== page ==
Proceedings of the Institution of Civil Engineers -

Maritime Engineering

ISSN 1741-7597 | E-ISSN 1751-7737
Volume 163 Issue 3, September 2010, pp. 135-136
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A. H. Gandomi, Tafresh University, Tafresh, IranDescriptions given in Section 2 and Figures 2, 3 and 4 of the paper studied by the authors clearly indicate that the method utilised for estimating the sediment rate is a tree-based genetic programming (TGP) approach. TGP was introduced by Koza (1992) as an extension of the genetic algorithms (GAs), in which programs are represented as tree structures and expressed in the functional programming language, LISP (Koza, 1992).

According to Section 5 of the paper, the software package Discipulus, which was developed by Conrads et al. (1998), was applied to the sediment rate forecasting problem.

Utilisation of Discipulus software indicates that the approach employed by the authors is machine-code-based, linear genetic programming (LGP) (Deschaine and Francone, 2002; Francone and Deschaine, 2004; Francone et al., 2005; Langdon and Banzhaf, 2005) not TGP. LGP (Brameier and Banzhaf, 2007) is a subset of GP that has recently emerged. Comparing LGP with the traditional Koza's TGP, there are some main differences. LGPs have graph-based functional structures and evolve in an imperative programming language (such as C/C++) (Brameier et al., 1998) and machine code (Nordin, 1994) rather than in expressions of a functional programming language such as LISP (see Figure 10). Unlike TGP, structurally non-effective codes coexist with effective codes in LGPs (Brameier and Banzhaf, 2007). Owing to the imperative program structure in LGP, the non-effective instructions can be identified efficiently. As only effective programs are executed, evaluation can be accelerated significantly. In addition, the machine-code-based, LGP approach searches for the computer program and the constants at the same time (Nordin, 1994). Further information on LGP can be found in Brameier and Banzhaf (2007).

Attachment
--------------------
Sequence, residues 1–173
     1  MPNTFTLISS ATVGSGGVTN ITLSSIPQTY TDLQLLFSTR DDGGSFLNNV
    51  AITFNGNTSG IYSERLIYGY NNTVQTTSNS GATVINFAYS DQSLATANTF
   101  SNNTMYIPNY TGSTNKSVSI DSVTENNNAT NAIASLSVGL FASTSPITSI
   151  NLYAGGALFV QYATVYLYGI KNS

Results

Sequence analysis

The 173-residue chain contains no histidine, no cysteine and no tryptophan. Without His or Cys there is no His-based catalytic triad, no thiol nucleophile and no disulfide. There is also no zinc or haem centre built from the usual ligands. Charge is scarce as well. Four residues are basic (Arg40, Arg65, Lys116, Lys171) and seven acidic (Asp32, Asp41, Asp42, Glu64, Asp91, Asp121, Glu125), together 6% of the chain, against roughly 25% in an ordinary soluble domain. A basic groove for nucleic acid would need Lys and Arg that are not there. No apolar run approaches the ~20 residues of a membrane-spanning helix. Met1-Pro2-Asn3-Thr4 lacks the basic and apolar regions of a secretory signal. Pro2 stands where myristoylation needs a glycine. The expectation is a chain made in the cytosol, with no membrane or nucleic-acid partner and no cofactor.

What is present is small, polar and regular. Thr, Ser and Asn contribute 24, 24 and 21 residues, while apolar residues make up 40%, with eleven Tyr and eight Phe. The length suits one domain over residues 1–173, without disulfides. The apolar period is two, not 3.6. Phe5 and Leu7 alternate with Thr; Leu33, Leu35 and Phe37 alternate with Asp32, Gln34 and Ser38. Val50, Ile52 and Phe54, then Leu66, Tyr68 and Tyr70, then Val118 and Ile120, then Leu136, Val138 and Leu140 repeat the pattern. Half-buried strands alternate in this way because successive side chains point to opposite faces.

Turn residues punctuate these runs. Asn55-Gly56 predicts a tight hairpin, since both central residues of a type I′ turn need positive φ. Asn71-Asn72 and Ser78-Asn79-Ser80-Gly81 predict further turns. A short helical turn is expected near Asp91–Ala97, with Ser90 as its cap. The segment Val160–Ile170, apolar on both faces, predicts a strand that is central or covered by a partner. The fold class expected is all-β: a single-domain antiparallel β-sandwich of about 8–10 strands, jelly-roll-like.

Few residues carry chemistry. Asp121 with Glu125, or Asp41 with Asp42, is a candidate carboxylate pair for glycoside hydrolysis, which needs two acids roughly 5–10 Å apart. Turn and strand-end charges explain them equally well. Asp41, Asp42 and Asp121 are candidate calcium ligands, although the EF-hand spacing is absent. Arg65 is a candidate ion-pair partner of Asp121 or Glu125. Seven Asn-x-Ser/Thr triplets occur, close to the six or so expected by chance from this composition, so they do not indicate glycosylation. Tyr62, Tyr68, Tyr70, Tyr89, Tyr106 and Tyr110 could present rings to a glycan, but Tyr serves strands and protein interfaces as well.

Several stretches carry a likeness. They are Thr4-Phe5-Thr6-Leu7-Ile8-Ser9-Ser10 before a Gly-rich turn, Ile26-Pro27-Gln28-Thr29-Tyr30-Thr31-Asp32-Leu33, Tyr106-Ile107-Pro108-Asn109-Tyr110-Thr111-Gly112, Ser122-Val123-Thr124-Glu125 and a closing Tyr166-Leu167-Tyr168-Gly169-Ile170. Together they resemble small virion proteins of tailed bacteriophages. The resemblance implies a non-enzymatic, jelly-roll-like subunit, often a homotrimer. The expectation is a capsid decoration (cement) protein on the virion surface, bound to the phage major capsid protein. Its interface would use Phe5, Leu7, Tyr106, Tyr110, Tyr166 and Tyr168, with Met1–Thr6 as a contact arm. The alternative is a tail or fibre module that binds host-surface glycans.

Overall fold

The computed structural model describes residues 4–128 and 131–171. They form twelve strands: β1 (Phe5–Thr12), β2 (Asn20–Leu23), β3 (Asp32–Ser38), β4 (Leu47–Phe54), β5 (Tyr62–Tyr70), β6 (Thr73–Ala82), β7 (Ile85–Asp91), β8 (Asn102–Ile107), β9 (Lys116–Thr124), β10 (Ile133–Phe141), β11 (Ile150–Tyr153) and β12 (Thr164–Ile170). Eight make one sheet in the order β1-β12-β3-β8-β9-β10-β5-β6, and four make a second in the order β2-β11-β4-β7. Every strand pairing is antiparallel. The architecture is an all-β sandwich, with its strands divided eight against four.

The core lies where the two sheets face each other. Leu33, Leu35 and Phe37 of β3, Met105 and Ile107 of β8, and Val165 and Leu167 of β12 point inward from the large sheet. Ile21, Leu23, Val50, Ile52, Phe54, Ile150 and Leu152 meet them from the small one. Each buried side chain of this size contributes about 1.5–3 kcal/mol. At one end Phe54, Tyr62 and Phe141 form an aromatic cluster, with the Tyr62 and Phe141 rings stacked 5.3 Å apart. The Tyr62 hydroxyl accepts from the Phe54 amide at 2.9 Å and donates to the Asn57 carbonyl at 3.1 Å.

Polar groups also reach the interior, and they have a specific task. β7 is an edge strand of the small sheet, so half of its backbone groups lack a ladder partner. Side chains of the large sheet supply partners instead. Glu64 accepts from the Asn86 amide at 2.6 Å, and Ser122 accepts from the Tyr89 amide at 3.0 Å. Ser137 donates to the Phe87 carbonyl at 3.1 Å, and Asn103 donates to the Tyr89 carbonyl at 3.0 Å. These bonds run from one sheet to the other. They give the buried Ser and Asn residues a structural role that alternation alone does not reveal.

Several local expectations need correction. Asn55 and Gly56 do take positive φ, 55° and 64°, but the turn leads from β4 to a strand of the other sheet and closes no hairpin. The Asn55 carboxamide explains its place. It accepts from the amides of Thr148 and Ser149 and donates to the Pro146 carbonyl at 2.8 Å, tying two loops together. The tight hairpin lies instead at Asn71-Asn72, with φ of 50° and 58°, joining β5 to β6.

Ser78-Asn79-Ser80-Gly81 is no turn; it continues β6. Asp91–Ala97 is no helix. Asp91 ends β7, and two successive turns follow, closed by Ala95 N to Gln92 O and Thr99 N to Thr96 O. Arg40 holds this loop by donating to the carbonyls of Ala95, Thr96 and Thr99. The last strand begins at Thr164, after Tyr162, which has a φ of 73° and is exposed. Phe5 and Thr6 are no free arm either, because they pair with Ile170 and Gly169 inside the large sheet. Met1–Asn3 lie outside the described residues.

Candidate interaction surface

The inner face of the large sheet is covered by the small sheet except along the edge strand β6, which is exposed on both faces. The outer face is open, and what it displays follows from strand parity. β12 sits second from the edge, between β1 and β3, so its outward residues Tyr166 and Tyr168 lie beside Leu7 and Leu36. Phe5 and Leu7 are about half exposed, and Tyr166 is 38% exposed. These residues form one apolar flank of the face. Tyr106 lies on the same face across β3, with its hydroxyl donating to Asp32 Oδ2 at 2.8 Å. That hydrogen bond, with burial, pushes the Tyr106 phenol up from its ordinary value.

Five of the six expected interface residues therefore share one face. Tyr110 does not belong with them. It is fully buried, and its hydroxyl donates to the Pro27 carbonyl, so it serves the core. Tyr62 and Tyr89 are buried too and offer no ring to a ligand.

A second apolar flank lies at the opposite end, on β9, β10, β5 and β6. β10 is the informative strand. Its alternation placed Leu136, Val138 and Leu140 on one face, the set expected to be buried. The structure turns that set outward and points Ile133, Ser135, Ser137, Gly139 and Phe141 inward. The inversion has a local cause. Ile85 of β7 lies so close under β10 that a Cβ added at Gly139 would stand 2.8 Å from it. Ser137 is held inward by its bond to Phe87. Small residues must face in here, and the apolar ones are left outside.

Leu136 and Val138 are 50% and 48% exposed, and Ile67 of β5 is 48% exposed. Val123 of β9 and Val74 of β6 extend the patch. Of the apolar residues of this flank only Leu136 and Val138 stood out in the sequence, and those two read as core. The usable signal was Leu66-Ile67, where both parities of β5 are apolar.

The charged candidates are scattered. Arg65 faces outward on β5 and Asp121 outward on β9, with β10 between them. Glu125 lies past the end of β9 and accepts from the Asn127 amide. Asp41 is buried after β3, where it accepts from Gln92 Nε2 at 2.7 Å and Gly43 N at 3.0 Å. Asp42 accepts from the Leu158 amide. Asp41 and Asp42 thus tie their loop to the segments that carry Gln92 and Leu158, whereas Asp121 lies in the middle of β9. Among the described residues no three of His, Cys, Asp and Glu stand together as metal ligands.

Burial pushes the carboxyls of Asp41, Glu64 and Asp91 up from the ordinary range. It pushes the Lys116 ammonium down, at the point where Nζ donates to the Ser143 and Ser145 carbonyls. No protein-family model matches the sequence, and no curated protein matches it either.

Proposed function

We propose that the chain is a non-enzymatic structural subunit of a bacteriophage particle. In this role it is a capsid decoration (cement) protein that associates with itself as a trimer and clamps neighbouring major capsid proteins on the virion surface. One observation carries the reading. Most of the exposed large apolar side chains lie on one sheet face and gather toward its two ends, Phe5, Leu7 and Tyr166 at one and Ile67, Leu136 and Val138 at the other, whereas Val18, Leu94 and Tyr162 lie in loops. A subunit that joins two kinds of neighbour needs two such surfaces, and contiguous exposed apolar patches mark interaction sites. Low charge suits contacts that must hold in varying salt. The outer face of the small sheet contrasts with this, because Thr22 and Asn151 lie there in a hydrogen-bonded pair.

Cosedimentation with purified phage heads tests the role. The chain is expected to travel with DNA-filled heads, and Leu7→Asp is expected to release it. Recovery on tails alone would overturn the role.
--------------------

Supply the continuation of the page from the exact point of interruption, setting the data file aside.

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Figure 10 Comparison of GP program structures: (a) TGP (b) LGP

In the paper discussed here, another important task on LGP application is not considered. A popular modularisation concept in LGP is the evolution of program teams (Brameier and Banzhaf, 2001). A team solution is formed by an uneven number of programs, of which every program has one vote. Whereas in general a team solution performs better than a single solution (Brameier and Banzhaf, 2007; Conrads et al., 1998; Gandomi et al., 2009), the prediction qualities of team solutions were not investigated by the authors.

Considering the above arguments, the scientific value of the paper would have increased had the authors investigated the detailed aspects of the utilised method.

Our objective in describing the GP that way was to introduce it as an extension of the familiar genetic algorithm in the most simple terms, although the code used might have applied GP in a different manner.

Considering the scope of our paper it is felt that subsequent investigators can take the lead from our work further and show how prediction quality could be improved by analysing team solutions, etc.

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